R.I.P. Eyedea

Derek Evers

Eyedea and Abilities

Impose is saddened by the news of Eyedea's death. He was 28.

The news report was confirmed by his mother, Kathy Averill on
Eyedea’s personal Facebook page. “It is with great pain and sadness that
I tell you my son Mikey (Eyedea) has passed away. At this time we
kindly request your respect and our privacy as we process this
devastating loss. On behalf of Mikey’s family, close friends and fans,
thank you.”

Born Michael Larsen, Eydea was one-half of the Rhymesayers' duo Eyedea & Abilities. A regular on the battle-scene, Eyedea grew in popularity after strong showings at the Scribble Jam in 1999 and HBO’s Blaze
Battle in 2000. Though often classified as “backpacker hip-hop”, teamed with Abilities — who was a two-time DMC champion — Eyedea garnered respect by everyone in the hip-hop world.

Old Impose writer Alex Rosado and I interviewed Eyedea with Abilities back in 2004. We ate dinner prior to a show they were doing at Irving Plaza in support of their now Rhymesayers classic E&A. I remember it well because the two were both extremely nice, yet Eyedea was filled with a cynical anger that struck me as a bit more than typical, even for a touring suburban white rapper. It was nothing alarming, but I remember thinking it wasn't odd that we didn't hear another Eyedea & Abilities album until 2009's By The Throat. (Eyedea released an improv hip-hop album under the name Face Candy in 2006, and had another release under this moniker pending. He also sang for the Minneapolis rock band Carbon Carousel.)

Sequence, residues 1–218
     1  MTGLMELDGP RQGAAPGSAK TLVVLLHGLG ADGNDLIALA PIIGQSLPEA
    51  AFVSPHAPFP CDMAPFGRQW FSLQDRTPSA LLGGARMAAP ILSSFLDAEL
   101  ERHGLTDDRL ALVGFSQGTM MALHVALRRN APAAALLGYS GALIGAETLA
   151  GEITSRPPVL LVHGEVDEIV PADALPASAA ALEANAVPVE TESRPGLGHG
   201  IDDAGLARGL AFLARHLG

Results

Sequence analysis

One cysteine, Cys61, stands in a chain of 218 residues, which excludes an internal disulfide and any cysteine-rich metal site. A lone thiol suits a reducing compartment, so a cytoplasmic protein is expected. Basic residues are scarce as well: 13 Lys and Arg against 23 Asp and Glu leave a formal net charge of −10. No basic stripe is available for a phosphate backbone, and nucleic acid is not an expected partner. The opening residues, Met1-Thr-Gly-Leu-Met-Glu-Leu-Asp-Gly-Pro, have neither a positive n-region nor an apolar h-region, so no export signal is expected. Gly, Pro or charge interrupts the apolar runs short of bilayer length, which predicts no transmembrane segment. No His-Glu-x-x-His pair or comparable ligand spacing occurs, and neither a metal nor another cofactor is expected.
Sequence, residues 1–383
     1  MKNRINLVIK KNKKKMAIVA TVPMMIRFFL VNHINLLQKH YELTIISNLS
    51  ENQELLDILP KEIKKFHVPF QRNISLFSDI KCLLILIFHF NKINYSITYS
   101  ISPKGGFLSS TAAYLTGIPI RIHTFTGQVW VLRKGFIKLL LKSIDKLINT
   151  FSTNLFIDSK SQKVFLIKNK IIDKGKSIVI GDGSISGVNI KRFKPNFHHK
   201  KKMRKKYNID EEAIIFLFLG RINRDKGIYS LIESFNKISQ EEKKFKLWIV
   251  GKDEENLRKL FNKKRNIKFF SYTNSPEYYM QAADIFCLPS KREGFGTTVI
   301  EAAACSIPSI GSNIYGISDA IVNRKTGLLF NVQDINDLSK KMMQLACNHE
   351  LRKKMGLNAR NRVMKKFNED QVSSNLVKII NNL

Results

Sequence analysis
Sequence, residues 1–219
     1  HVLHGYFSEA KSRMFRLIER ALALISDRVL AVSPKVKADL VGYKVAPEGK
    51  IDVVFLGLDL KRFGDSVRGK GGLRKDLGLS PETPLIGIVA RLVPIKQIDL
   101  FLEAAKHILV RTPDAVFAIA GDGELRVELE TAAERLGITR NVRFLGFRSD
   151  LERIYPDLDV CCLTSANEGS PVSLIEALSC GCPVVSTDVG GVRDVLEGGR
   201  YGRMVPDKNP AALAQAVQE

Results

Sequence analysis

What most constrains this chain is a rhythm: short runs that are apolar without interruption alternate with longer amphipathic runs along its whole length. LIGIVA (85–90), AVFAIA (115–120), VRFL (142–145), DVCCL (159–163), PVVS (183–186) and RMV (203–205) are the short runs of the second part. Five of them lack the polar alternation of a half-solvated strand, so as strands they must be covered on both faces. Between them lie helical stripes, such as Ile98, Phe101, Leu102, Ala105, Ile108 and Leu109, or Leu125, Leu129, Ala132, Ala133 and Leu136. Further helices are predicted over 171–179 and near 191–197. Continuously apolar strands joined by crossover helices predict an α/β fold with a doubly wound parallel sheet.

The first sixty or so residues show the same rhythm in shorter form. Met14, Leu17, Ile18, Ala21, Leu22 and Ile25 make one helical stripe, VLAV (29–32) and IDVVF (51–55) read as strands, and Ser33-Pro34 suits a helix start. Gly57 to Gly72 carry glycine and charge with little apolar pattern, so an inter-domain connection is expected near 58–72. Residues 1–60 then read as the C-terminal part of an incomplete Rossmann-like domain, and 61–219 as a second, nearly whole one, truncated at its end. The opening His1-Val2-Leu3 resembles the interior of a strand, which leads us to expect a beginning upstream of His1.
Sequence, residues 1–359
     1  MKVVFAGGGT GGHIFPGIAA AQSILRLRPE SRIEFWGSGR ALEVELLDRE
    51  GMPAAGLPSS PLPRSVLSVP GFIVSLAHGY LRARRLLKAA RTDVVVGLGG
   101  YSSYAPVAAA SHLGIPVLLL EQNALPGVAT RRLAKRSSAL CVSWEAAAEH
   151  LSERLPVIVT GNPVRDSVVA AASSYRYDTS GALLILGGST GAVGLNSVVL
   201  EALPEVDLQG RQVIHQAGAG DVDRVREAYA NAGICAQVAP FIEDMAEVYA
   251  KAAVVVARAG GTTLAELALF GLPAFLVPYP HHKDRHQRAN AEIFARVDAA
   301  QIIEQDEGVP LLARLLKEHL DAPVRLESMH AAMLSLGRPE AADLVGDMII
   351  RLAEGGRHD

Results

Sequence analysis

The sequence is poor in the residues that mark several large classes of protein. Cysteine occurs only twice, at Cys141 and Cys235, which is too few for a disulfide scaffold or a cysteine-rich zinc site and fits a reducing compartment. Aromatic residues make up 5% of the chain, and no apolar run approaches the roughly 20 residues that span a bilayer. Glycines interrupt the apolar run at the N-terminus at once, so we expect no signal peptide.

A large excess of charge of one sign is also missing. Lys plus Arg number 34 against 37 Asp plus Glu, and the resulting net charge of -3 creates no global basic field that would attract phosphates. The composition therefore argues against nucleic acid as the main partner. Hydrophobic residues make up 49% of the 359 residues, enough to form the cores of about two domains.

In our last published issue, Impose did a label profile on Rhymesayers, with interviews done at their Minneapolis flagship store with locals like Slug, Brother Ali, and label president Siddiq Sayers. Abilities was there. Eyedea was not.

I do not want to speculate on the cause of Eyedea's death. Nor do I want to imply what happened had anything to do with the impression he left with me more than five years ago. Still, I can't help but think about the “emo-rap” tag that was branded upon self-reflective rhymers like Eyedea during this era, and wonder if maybe we should've paid closer attention to what he was saying.

Over the next few days we will publish that 2004 interview with Eyedea & Abilities. Until then, we tip our hat and say goodbye to one of hip-hop's best, and greatly under-appreciated, wordsmiths. If you would like to donate to Eyedea's funeral services, his mother has set up a pay-pal link here.

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